The Editor's Cut - Episode 078: Everything Everywhere All at Once with Paul Rogers

Episode 078 - Everything Everywhere All at Once with Paul Rogers

In this episode Sarah Taylor sits down with Paul Rogers.

This episode is sponsored by DGC Alberta.

Paul Rogers - TEC 078
The Editor's Cut - Episode 078: Everything Everywhere All at Once with Paul Rogers

Paul Rogers began his professional career in 2007 editing documentary films for public television in Alabama, winning 4 Emmy Awards. He made the jump to Los Angeles in 2013 and kicked off a career in music videos with the DANIELS? directed ‘Turn Down For What? and further collaborated with DANIELS on the short films ?Interesting Ball? and ?Boat Dad? as well as one half of the duo, Daniel Scheinert, on the A24 feature film ‘The Death of Dick Long,’ which premiered at Sundance in 2018. He dipped back into documentaries in 2020 with ?You Cannot Kill David Arquette,? an official SXSW selection and winner of the Adobe Editing Award. His next film is Isaiah Saxon’s debut feature ‘The Legend of Ochi.’ Along with feature films, he has edited for the Eric Andre Show, Kendrick Lamar, Flying Lotus, Haim, and Thundercat among others. Paul has also collaborated extensively with director Kahlil Joseph on projects such as ?Lemonade? for Beyonce, ?Process? for Sampha, and Joseph’s most recent work ‘BLK NWS.? Paul is a partner in the editorial company PARALLAX located in Los Angeles.

Sarah and Paul discuss his career journey and how he approached the editing behind Everything Everywhere All At Once.

The Editor's Cut - Episode 078: Everything Everywhere All at Once with Paul Rogers

Everything Everywhere All At Once Trailer:

 
 
This episode was generously sponsored by DGC Alberta
 

The short film that inspired Paul to go to LA!

Écoutez maintenant

The Editor?s Cut – Episode 078 – Everything Everywhere All at Once with Paul Rogers

 Sarah Taylor: 

This episode was generously sponsored by the Directors Guild of Canada, Alberta District Council. If you reside in the province of Alberta and are interested in editing, contact the DGC Alberta to learn more.

Paul Rogers:

We wanted to stay in the wides as much as we could, and we wanted to not be cutting around when we didn’t know what was happening. And a big way of leveling that playing field between us, indie action film and big blockbuster film, was time-remapping and splitting the screen and combining takes; and making a punch that may not have been thrown quite with the force it needed, speed ramping it, and making it feel better. And when someone flies back, slowing them down in midair so that there’s more of a weight, and then speeding it up right as they hit the ground so that you feel that impact. These are all just little reasons why Premiere worked out really well.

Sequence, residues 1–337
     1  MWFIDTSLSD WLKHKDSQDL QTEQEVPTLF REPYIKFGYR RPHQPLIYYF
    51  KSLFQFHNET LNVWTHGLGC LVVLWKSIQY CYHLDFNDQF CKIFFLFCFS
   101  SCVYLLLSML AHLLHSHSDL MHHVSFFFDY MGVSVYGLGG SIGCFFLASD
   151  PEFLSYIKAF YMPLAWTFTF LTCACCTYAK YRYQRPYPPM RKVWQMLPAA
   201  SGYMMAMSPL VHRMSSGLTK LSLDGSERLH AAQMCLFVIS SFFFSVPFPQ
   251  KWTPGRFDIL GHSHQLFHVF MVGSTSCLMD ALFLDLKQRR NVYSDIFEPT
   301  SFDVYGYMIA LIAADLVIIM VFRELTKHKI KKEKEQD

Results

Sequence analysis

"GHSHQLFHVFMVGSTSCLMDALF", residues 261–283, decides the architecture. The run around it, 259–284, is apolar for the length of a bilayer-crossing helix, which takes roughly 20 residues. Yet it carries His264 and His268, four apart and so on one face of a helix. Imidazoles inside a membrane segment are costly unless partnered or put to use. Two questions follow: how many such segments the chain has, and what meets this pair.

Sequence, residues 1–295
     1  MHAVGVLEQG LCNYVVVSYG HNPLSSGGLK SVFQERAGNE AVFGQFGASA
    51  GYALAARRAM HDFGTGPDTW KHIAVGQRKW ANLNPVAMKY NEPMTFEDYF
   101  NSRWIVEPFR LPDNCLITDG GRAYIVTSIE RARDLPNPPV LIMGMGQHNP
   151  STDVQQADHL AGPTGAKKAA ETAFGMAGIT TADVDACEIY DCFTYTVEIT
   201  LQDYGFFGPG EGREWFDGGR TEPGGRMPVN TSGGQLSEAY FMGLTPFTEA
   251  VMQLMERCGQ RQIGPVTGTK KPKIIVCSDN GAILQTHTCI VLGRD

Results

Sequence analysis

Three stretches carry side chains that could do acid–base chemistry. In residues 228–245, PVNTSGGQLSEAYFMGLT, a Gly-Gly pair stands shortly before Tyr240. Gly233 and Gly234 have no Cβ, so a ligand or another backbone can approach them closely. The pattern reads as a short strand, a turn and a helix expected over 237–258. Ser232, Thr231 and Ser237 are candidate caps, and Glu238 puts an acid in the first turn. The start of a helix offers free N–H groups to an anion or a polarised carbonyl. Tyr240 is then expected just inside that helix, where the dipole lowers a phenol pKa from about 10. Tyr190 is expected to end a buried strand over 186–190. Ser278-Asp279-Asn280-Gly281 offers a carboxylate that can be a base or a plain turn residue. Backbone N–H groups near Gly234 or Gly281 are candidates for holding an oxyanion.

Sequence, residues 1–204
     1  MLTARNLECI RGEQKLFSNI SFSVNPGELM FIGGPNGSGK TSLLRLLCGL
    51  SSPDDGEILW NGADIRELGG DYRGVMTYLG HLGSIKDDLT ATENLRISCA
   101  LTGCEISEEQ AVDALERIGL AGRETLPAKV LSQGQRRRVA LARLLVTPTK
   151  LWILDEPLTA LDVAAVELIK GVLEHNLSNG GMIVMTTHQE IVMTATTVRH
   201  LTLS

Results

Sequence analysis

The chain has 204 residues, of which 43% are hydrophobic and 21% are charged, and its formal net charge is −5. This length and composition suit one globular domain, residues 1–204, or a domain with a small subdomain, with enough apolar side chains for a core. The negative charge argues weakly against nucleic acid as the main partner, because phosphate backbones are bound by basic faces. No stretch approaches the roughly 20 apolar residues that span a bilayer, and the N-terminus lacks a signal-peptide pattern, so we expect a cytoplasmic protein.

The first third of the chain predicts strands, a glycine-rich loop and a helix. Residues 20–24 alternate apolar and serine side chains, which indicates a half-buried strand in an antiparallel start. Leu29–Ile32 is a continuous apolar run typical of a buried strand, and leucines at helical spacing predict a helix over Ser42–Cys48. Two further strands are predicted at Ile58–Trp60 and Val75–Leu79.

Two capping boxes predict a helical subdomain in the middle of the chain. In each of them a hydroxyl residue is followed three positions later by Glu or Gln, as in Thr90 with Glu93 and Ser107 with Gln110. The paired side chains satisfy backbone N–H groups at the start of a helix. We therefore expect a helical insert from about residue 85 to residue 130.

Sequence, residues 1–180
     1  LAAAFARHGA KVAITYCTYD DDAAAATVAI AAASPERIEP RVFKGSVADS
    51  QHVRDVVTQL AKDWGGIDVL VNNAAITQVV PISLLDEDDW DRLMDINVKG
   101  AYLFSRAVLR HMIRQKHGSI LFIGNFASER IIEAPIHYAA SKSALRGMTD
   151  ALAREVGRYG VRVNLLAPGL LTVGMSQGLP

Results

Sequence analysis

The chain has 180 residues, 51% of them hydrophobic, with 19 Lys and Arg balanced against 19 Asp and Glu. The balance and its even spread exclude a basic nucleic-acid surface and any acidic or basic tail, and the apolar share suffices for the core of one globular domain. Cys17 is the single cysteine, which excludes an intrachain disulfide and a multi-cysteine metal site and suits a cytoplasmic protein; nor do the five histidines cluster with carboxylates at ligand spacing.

Sarah Taylor:

Hello and welcome to The Editor’s Cut. I’m your host, Sarah Taylor. We would like to point out that the lands on which we have created this podcast and that many of you may be listening to us from, are part of ancestral territory. It is important for all of us to deeply acknowledge that we are on ancestral territory that has long served as a place where Indigenous peoples have lived, met and interacted. We honor, respect and recognize these nations that have never relinquished their rights or sovereign authority over the lands and waters on which we stand today. We encourage you to reflect on the history of the land, the rich culture, the many contributions and the concerns that impact Indigenous individuals and communities. Land acknowledgements are the start to a deeper action.

Today, I bring to you an interview with Paul Rogers, the Academy Award-winning editor for Everything Everywhere All At Once. We discuss Paul’s journey from Alabama to Hollywood, what it was like working with the Daniels on Everything Everywhere All At Once, and Paul’s philosophies in and outside the edit suite. Without further ado, I bring you Paul Rogers.

Speaker 3:

And action.

Sarah Taylor:

This is The Editor’s Cut.

Speaker 4:

A CCE podcast.

Speaker 3:

Exploring, exploring, exploring the art-

Speaker 4:

Of picture editing.

Sarah Taylor:

Paul, thank you so much for joining us on The Editor’s Cut today. I’m very excited to chat with you all things editing.

Paul Rogers:

Yeah. Thanks for having me. It’s always fun.

Sarah Taylor:

Excellent. Yeah, I know. Editors talking with editors is like-

Paul Rogers:

I know.

Sarah Taylor:

I can just do it for days.

Paul Rogers:

I know. It’s funny. I was just talking to somebody the other day about this about the American Cinema Editors, which I guess is the American version of y’all, we? 

Sarah Taylor:

Yeah.

Paul Rogers: